Wednesday, May 24, 2017

What a world... of Bottom Harbours

 Life is full of misery, loneliness, and suffering - and it's all over much too soon.

There are worse things in life than death. Have you ever spent few hours on tax reform webinar?

"I think you're the opposite of paranoid. You go around with the insane delusion that people like you." 
-Deconstructing Harry (1997)

W.H.O.’S PERKS?: Bureaucrats at the cash-strapped World Health Organization (WHO) and IFM fly business class and stay in five-star hotels

I'm shocked! Czechoslovaks pilots Shocked in Casablanca

Eddie Obeid and Ian Macdonald to be stripped of NSW parliamentary pensions


Fraudster, 77, jailed for 'brazen' crimes

He's been a vet, a property developer and a BRW rich-lister but 77-year-old Stephen Michael Larkin is now back behind bars for his latest "brazen" and sophisticated fraud crimes

"Currently it is easier to become a company director than open a bank account. "

Labor proposes company director ID numbers in 'phoenixing' crackdown
The Opposition will today announce a plan to target phoenixing, where directors strip assets from businesses just before they go broke and open up new companies that rise from the flames of the old one.

There is nothing magical about phoenixing operations - Transcript, Doorstop
There is Nothing Megical

ASIC slaps ban on Nathan Tinkler over 'serious failures'


Inho Andrew Mun (J.D. 2017, Yale), Note, Reinterpreting Corporate Inversions: Non-Tax Competitions and Frictions, 126 Yale L.J. 2152 (2017)

Corporate inversions have drawn outrage from all segments of society. In an inversion, a company reincorporates abroad to escape its U.S. tax burden. Regulators and academics have typically sought tax law solutions to curb tax inversions. However, the resulting tax regulations have been ineffective, while more radical tax reforms are not politically feasible. This Note argues that inversion is not a tax problem in isolation, but a problem of aligning tax paid with benefits conferred by a given country. By introducing non-tax dimensions into the equation, this Note refines the oft-ignored benefit tax theory. The benefit tax theory proposes that the U.S. corporate tax regime accounts for superior legal and nonlegal benefits that companies enjoy by incorporating or operating in the United States. While paying U.S. tax, corporations receive the benefits of corporate governance, securities regulation, intellectual property law, and other areas of law; furthermore, benefits include many nonlegal business factors such as access to a large consumption market, skilled labor pool, capital markets, and more.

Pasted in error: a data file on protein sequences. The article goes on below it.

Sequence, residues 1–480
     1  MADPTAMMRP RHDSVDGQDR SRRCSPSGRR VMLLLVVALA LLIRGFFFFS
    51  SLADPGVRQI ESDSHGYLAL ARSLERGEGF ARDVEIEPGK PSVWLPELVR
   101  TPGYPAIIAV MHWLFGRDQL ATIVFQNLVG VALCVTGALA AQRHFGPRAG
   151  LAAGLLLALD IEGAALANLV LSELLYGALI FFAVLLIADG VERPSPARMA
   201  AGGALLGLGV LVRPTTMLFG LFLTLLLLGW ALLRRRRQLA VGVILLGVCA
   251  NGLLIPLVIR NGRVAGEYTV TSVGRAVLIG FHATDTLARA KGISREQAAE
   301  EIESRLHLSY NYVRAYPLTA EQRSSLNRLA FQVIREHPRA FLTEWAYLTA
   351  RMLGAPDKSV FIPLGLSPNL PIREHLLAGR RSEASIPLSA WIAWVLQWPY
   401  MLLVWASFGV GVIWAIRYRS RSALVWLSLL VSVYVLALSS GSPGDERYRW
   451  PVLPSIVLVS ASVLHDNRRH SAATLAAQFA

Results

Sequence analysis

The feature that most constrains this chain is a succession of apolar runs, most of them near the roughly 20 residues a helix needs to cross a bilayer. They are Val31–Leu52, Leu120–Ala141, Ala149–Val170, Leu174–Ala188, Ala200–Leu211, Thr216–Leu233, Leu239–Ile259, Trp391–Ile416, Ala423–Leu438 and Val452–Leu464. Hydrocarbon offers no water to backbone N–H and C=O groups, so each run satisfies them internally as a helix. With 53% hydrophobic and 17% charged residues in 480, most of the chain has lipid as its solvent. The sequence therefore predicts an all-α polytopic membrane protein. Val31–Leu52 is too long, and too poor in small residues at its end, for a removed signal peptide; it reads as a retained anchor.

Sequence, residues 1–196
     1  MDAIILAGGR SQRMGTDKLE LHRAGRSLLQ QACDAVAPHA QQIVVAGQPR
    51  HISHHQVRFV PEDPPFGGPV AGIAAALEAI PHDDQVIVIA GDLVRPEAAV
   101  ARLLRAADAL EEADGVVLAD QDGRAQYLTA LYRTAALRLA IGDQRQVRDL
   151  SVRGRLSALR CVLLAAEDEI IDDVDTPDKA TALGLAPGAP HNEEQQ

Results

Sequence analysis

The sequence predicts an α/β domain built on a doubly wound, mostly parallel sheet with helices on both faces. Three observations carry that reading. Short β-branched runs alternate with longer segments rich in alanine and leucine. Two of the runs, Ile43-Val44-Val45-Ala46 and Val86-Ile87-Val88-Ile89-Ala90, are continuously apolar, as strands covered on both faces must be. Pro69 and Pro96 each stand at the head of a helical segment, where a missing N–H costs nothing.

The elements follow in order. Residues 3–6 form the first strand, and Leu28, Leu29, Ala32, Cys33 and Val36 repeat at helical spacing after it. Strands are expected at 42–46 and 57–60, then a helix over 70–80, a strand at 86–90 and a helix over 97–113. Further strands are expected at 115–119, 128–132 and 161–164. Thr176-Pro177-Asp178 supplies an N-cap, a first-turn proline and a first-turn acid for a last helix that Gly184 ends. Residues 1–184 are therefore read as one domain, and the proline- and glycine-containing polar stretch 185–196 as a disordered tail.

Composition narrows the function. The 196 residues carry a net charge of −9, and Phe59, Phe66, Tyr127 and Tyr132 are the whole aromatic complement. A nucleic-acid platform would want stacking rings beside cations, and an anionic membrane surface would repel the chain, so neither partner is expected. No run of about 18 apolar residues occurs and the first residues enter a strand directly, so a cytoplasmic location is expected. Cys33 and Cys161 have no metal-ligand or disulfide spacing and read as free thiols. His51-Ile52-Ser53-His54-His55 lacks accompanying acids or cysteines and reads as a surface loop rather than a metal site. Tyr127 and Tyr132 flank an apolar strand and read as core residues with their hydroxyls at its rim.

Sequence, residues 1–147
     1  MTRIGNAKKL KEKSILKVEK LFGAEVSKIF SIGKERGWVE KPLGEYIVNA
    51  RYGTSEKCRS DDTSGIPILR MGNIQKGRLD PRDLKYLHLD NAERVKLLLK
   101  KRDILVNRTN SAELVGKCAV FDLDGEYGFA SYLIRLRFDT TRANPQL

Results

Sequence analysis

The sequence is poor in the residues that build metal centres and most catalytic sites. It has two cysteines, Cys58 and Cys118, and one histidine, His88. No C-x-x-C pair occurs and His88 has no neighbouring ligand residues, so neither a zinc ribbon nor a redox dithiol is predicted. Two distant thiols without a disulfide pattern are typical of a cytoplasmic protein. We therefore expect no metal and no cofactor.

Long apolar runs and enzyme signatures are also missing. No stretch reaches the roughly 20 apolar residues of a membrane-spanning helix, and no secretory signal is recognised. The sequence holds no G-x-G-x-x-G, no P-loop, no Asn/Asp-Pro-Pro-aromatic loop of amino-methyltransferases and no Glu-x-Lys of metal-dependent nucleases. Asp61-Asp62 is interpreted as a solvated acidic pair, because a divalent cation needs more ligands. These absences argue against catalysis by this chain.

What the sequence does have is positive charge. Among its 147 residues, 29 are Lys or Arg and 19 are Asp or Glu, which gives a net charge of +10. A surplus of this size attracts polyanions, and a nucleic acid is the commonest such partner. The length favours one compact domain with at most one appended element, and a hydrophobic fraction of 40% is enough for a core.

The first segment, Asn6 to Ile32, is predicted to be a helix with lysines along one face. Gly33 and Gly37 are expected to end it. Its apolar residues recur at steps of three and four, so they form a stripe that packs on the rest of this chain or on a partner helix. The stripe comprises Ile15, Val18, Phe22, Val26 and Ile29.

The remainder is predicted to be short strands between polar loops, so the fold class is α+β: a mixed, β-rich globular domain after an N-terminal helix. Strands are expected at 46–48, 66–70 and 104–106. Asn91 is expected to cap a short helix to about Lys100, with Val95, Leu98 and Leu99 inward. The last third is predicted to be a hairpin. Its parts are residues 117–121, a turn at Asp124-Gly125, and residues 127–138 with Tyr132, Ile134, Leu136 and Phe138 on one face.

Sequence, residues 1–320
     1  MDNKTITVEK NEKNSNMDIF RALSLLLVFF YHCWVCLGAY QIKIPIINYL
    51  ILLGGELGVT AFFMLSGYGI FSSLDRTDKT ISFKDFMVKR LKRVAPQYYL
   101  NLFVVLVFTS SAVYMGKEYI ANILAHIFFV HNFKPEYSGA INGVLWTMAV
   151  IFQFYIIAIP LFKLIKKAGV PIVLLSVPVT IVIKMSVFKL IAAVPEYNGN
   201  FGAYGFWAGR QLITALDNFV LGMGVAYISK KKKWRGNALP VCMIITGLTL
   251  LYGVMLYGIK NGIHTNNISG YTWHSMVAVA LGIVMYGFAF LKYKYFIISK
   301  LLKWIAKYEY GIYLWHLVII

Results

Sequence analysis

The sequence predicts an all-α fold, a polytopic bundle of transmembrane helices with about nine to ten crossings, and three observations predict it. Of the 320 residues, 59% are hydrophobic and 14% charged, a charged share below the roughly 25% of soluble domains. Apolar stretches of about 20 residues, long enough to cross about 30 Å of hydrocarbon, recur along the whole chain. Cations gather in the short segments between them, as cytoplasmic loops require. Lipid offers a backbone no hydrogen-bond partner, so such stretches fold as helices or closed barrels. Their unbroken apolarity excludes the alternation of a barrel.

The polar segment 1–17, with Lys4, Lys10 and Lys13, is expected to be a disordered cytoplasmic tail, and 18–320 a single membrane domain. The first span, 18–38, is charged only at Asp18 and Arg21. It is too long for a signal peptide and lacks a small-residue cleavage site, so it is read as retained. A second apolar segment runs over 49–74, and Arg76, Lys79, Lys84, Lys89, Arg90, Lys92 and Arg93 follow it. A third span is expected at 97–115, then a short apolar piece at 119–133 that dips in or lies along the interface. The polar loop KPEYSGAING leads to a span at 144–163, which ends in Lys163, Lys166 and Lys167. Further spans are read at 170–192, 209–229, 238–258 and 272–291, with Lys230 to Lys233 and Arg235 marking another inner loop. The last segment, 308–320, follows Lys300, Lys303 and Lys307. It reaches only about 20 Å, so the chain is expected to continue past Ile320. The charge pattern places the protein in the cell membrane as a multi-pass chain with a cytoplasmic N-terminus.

Airbnb uberWall Street Journal Tax Report: The Blind Spot in a Sharing Economy: Tax Collection, by Laura Saunders:

A loophole is helping gig-economy workers, online sellers and home-sharing hosts cheat on their taxes.

Under a law enacted in 2008 and later clarified by the Internal Revenue Service, many online-platform businesses that connect buyers and sellers and take credit-card payments, such as Airbnb, TaskRabbit, Etsy and ride-sharing firms, fall into a special category.

These businesses have to report a provider’s income to the IRS only if that person earns more than $20,000 and has more than 200 transactions. In that case, the company sends both the provider and IRS a Form 1099-K listing gross income.

China kills 'at least 12' CIA moles

'I'm just a pawn in her hands': Palmer says wife controls finances

The tax schemes are jokingly referred to as Bottom of the Harbour Pty Ltd, by members of the Sydney tax avoidance fraternity, as many of the documents have gone to a watery grave. As one, industry participant quipped: ‘There is a reef somewhere between Circular Quay and Manly which comprises suitcases full of company records’. Australian Financial Review 11 January 1980 as quoted in Boucher, T ‘Blatant, Artificial and Contrived: tax schemes of the 70s and 80s’, 1st ed, 2010, at page 215

 Plutus the police raids the ATO and-the real plutocrats

"The result wasn’t that falsehoods were accepted as facts but rather the creation of a ‘crust of lies’ so thick and pervasive, that people no longer believed anything at all. People became cynical, obedient or some combination of the two — and the wounds were so deep, I could still see scars in Prague nearly 20 years after Communism. I’ve been thinking a lot about this dynamic as political events unfold in the United States." Todd Milburn writing for Editor & Publisher about his work in Prague

Robert Wood,If You Pay Ransom, Write It Off On Your Taxes. “If you pay hackers ransom to keep your business operating, is it tax deductible?”
Robert D. Flach, DEAR GRADUATE. “As it is college graduation time I thought I would reprint some advice to recent graduates that I had given in a post from a couple of years back.”
Andrew Mitchel has 5 New Tax Charts. These are great helps in navigating branch transactions.
Liz Cuthbertson, UK Property – still the real deal? (Tax Plus Blog, U.K.). “Further tax complexity for real estate purchases has not cooled down and, from 6 April 2017, all UK residential property is in the scope of UK inheritance tax, regardless of the vehicle it is held in.”
Jack Townsend, District Court Denies Sufficiency Motion for Tax Evasion and Tax Obstruction. ” During the pretrial proceedings, Pflum thrashed around in various ways, including representing himself pro se at times. The jury convicted.”
TaxGrrrl,All Parties Claim Victory In Russian Money Laundering Case. It seems dangerous to be in the vicinity of upper-story windows in Russia.
Lew Taishoff, WENT FOR THE GOLD, GOT SILVER. “Whatever the fate of the Patient Protection and Affordable Health Care Act, I look forward to plenty of good blogfodder therefrom.”
The Commissioner of the Australian Federal Police v Cranston and Ors [2017] NSWSC 624 (18 May 2017)